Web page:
Swiss drugmaker Roche Holding AG, in a letter to Illumina Inc shareholders, called its sweetened $51-a-share offer for the maker of genetic analysis equipment a more than reasonable starting point for negotiations.

The latest salvo in Roche's repeatedly rebuffed efforts to buy Illumina comes a week ahead of Illumina's shareholder meeting and suggests Roche is willing to raise its offer.

Illumina shares have been trading above $51 and closed at $52.57 on Nasdaq on Wednesday.

The letter from Roche Chief Executive Severin Schwan urged Illumina shareholders to vote for Roche's proposed slate of director nominees and its other proposals at next Wednesday's meeting in New York and laid out the case for the $51 per share offer that amounts to about $6.8 billion.

It calls the offer a significant premium to where Illumina would likely trade on a standalone basis and a very attractive one but adds the phrase a more than reasonable starting point for negotiations.

Despite the appearance of a willingness to further sweeten an offer that began at $44.50 per share, Schwan characterizes the future of an independent Illumina as far from certain amid increasing headwinds for Illumina and the broader sequencing sector.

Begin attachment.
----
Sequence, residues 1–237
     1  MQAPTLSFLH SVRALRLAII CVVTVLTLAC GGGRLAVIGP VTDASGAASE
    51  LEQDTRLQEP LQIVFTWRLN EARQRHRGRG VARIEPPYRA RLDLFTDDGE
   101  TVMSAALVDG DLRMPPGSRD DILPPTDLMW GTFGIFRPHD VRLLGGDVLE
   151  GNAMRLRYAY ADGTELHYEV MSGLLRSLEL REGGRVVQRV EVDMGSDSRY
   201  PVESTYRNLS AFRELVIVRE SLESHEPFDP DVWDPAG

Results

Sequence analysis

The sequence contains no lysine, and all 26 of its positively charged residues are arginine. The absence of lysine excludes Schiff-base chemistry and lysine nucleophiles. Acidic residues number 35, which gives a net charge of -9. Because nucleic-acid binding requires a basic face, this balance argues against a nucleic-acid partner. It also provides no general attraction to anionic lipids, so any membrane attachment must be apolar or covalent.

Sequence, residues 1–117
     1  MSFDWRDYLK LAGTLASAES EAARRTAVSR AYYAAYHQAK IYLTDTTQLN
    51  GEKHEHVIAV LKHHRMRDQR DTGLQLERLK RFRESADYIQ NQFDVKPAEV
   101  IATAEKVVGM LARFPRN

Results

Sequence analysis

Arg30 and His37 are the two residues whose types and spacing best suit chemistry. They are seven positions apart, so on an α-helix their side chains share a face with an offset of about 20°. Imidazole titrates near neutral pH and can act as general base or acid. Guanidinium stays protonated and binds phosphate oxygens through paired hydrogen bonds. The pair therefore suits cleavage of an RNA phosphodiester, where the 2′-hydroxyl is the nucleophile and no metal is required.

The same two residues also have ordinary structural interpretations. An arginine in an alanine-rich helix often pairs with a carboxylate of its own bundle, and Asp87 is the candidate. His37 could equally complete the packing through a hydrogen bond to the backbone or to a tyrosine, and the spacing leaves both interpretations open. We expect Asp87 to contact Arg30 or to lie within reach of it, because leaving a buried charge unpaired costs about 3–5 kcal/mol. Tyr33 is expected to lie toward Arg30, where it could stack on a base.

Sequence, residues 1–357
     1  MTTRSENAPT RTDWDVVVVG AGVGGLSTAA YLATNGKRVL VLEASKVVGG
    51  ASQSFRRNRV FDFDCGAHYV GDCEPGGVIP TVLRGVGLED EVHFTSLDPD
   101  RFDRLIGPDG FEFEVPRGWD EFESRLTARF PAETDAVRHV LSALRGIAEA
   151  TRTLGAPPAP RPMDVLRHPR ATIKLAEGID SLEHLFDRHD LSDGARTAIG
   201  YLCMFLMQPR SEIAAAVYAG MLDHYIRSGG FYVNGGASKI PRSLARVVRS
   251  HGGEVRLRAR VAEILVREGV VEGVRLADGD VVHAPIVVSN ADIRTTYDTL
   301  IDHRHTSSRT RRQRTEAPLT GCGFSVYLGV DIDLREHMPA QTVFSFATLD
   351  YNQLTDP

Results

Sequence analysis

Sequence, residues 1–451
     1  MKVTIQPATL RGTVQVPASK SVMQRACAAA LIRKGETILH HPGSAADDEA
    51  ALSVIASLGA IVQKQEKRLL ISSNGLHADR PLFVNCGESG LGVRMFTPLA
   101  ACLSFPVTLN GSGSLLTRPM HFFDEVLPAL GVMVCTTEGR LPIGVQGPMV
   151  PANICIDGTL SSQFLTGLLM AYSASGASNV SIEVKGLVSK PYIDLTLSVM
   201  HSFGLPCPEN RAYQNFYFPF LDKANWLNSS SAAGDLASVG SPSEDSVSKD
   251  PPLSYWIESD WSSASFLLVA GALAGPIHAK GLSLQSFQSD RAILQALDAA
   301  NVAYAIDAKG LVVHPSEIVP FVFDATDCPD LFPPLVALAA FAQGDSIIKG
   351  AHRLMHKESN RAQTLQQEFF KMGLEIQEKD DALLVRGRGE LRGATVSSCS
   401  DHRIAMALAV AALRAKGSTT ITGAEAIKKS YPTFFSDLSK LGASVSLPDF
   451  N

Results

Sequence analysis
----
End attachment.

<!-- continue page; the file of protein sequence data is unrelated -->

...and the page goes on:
The Roche CEO goes on to ridicule Illumina's own letter to shareholders in which it said it had been called the Apple of the genomics business. He said Illumina's gene sequencing products were not the iPhone and the iPad, referring to Apple's popular personal electronics products.

Illumina's products on the other hand, although 'revered by genomics researchers around the world,' serve a much smaller and highly regulated market. And unlike at Apple stores, crowd control of eager buyers has not been a problem for Illumina, the Roche letter said.

Illumina declined to comment on the Roche letter.

Roche's efforts to get its slate of directors elected to the Illumina board look to be a longshot after three proxy advisory firms have recommended that shareholders back Illumina's nominees.

Illumina has urged its shareholders not to tender shares to Roche and to reject the larger company's nominees.

(Reporting By Bill Berkrot in New York; Editing by Gunna Dickson and Tim Dobbyn)